5:11 p.m. Buck says he’s worried about asking his last question to Kershaw, about the mood of the team, because he can’t see who’s standing around Kershaw. Kershaw does a mock look around to see who’s eavesdropping, then replies.

“There’s no doubt that there’s some stuff going on, but if we win some games, that’s really all that matters,” Kershaw says. “Donny’s doing everything he possibly can. We all have his back. Personally, I love him to death, and he’s such a great guy to have as a manager. It’s really not fair to him just because we haven’t been performing as a team. That’s on us. It’s a lot easier to look at one guy than 25 but at the end of the day, we’ve got to go out and win some games. The pressure’ll be taken off, and we’ll be good to go from there. ”

Lilly strikes out Craig to end the top of the third. So far: three innings, two hits, no walks, one hit batter, one unearned run, 45 pitches.

5:16 p.m. Punto, leading off the bottom of the third, hits a low liner to right-center, and Jay was shaded toward left-center. A double.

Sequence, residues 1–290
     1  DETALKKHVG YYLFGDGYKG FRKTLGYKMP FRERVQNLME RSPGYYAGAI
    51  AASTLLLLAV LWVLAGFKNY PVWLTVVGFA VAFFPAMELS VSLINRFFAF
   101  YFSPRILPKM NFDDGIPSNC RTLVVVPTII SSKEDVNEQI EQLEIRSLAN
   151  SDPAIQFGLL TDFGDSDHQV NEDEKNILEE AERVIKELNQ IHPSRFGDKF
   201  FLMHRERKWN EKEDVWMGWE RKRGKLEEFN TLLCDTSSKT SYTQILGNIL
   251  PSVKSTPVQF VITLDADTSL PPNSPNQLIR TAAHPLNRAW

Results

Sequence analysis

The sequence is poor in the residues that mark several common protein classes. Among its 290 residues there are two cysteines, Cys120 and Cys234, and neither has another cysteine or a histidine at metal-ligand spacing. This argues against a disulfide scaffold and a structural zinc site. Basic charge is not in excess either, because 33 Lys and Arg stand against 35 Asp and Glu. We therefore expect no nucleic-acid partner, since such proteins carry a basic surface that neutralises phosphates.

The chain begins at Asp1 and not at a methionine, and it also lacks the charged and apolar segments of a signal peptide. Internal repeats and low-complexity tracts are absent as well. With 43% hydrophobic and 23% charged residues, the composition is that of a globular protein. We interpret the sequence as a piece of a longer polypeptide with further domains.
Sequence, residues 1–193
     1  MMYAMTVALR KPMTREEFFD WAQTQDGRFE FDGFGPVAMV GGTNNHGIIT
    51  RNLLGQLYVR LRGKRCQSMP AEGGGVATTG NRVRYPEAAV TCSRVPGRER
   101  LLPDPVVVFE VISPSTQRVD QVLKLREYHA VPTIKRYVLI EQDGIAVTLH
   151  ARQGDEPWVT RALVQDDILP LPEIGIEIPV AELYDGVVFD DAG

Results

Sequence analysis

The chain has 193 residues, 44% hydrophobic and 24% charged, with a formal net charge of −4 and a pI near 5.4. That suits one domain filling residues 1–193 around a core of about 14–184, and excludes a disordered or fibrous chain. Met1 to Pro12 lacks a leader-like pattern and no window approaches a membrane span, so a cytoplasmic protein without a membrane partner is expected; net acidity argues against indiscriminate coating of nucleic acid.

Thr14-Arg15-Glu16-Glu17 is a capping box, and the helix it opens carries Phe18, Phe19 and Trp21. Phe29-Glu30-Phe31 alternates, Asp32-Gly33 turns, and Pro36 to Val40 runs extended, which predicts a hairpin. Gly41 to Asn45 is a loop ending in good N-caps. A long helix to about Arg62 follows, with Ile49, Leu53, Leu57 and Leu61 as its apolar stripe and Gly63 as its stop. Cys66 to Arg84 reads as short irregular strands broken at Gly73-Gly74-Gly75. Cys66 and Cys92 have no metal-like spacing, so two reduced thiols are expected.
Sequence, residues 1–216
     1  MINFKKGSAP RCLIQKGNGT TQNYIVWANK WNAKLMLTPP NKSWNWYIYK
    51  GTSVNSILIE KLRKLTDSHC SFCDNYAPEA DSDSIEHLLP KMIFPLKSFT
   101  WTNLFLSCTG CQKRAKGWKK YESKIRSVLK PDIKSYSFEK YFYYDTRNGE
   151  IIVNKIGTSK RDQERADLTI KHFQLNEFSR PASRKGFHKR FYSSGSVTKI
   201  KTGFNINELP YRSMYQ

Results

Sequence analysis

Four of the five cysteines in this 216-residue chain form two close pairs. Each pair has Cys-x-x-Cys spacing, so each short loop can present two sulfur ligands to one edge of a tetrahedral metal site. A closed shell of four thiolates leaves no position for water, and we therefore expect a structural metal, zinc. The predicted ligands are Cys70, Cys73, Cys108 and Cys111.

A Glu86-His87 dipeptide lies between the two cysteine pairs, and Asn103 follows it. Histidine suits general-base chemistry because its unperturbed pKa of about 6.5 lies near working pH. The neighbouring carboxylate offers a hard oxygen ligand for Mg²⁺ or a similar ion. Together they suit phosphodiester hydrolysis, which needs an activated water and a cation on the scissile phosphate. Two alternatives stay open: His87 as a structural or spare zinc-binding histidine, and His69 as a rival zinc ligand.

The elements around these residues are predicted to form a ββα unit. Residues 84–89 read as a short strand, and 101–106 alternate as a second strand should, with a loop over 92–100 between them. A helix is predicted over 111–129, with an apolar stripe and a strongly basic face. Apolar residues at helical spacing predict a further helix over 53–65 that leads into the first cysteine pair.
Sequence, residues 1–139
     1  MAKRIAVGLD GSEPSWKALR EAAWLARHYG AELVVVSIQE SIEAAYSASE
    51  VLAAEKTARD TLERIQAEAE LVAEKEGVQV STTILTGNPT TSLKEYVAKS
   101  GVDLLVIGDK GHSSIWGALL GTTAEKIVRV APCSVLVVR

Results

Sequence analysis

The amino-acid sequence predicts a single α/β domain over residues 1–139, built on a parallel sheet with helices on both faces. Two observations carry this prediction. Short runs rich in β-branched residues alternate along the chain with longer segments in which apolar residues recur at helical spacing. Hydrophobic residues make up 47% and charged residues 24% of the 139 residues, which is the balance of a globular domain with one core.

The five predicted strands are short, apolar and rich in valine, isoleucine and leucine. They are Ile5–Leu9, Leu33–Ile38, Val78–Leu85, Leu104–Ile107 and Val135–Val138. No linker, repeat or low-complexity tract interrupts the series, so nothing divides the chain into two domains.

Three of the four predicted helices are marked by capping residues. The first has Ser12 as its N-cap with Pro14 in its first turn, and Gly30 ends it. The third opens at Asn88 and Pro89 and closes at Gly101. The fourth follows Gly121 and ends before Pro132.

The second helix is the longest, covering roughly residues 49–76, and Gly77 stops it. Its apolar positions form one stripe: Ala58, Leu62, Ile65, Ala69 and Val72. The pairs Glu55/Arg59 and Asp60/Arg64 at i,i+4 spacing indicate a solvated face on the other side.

5:17 p.m. With first base open, the next pitch hits Ellis in the hip. Retaliation? Ah, who cares? Two on, none out for Gonzalez.

5:19 p.m. Gonzalez was in a 4-for-32 slump with three walks and no extra-base hits going into today’s game. But he’s got RBI hits in his first two trips to the plate today, driving home Punto here with a single to center.  And suddenly we know how Kelly has an ERA over 7. As of this moment, it’s soaring through the air at 7.47.

5:22 p.m. Sigh. Kemp strikes out on three pitches.

5:23 p.m. Siiiigh. Ethier pops out to third. Some boos. Will Van Slyke keep it going?

5:25 p.m. Full count, two out.

5:26 p.m. Van Slyke sends one high and deep to center, but it dies on the warning track.